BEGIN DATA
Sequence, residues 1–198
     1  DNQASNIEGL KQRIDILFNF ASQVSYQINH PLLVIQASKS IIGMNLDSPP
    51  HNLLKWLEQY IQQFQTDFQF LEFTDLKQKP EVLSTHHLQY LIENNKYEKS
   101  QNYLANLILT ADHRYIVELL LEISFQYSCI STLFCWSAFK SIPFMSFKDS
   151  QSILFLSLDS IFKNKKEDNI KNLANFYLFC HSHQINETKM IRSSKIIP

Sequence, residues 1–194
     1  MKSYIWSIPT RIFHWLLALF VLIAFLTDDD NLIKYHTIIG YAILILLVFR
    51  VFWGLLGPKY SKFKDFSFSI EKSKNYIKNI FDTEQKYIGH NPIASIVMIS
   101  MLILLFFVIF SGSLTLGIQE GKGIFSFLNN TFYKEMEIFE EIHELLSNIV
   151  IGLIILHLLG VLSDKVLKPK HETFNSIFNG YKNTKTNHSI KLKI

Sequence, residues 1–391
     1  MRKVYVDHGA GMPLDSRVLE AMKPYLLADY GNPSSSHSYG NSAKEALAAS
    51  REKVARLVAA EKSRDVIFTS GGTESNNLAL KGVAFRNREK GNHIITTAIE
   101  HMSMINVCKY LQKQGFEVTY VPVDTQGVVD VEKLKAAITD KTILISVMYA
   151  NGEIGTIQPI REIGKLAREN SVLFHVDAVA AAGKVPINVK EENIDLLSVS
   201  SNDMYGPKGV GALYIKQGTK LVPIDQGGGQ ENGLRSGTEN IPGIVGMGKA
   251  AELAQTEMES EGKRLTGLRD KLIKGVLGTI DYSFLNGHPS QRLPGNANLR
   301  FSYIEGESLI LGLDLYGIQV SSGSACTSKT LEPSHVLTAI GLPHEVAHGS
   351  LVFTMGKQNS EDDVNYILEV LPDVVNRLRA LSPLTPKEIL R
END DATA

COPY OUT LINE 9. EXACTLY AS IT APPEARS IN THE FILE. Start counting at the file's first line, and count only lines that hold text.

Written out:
   101  MLILLFFVIF SGSLTLGIQE GKGIFSFLNN TFYKEMEIFE EIHELLSNIV